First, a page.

Among all these, Mohan Bikram Singh’s thin book, Pema Lama Prashnottar Mala (Pema Lama Question and Answer series) triggered critical thinking in me. I began to question everything — God’s existence, social injustice, wealth distribution, and especially hierarchy. Every day, I walked an hour and a half to and from college. On the way, I often avoided company and was lost in thought, just seeking to answer a single question — why does hierarchy exist? To my dismay, even after 20 years, I have not yet found the answer, but the questioning still brings me ideas and gives structure to my writing.
For my first job after my studies, I visited remote areas in both Nepal’s plains and hills, talked to poor and socially marginalized groups, and wrote about the injustice and discrimination they faced. When I wrote reports and analytical papers, I always tried to illustrate the lives of people at the bottom of the socioeconomic hierarchy. I tried to draw a picture in words of a representative character to show the problems the community faced. Eventually, I found my professional space was too limited to raise the voice of the grassroots, especially those who have experienced humiliation and poverty. I turned to writing for newspapers.
In 2013, I got an excellent opportunity to improve my writing skills with a Fulbright scholarship to study at Georgetown University in Washington D.C. At Georgetown, everyone — advisors as well as professors — stressed the importance of writing skills for both academic and professional success. One of my professors who taught World Affairs and Media put additional emphasis on writing as a way to communicate complex issues. This made a deep impression on me. I prioritized improving my writing and data analysis skills to communicate complex caste issues. Using all the resources available at the university, I worked on my writing. Eventually, I started publishing op-eds in Nepali newspapers on socioeconomic development and inequalities.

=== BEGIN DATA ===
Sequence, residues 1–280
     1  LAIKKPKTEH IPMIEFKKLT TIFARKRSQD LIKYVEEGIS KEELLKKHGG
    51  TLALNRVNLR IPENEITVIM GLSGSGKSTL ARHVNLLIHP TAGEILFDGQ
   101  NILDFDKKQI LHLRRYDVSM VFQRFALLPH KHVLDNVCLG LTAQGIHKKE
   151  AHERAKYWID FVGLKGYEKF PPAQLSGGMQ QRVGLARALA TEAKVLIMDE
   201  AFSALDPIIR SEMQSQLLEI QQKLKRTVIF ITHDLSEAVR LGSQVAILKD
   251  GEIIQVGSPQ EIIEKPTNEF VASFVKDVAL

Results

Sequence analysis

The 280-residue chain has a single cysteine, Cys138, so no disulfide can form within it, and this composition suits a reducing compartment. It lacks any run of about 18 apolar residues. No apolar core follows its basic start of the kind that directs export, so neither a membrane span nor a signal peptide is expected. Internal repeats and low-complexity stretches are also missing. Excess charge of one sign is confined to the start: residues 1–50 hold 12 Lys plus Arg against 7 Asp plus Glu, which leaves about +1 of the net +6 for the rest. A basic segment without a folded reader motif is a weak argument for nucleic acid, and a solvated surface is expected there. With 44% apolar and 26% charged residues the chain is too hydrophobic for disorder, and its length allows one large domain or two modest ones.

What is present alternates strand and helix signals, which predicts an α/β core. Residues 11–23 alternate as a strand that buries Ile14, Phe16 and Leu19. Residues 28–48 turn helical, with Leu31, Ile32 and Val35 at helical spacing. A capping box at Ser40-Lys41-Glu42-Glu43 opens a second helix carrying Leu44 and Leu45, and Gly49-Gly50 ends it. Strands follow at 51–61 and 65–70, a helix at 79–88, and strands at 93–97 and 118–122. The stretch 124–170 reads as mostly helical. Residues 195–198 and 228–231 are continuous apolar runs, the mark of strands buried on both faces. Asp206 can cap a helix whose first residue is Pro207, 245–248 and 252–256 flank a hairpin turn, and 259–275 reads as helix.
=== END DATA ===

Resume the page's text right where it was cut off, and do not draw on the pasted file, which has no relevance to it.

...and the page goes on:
“Can you write op-eds on Dalit issues? We are happy to fund you by collecting donations among ourselves.”
This plea by Dalit activists to a non-Dalit writer came as a sharp slap in my face. In 2014, a group of Dalit compatriots said this to a non-Dalit writer during a conference in Virginia, USA. Upset that Nepali newspapers did not publish opinion pieces on Dalit issues, they asked him to make a difference. But the voice landed in my ears like thunder. Even with my privilege to study at an American university, I could not win their trust to write on Dalit issues. This shook my world.
In Nepal, at the time, only a few writers wrote on Dalit issues, and among them, only a couple questioned Brahminical hegemony and the structure that sustained caste-based violence for centuries. Many writings narrated stories of caste-based violence, but they often failed to engage the other side in the discourse. They often retained a Brahminical perspective.
“Non-Dalit writers often write to boast about how great they are. They write about taking their Dalit friends into their house and eating at the same table with them,” a renowned Dalit writer and politician once publicly criticized writings by non-Dalit writers on Dalit issues. None dealt with Dalit knowledge, resistance, and lived experiences.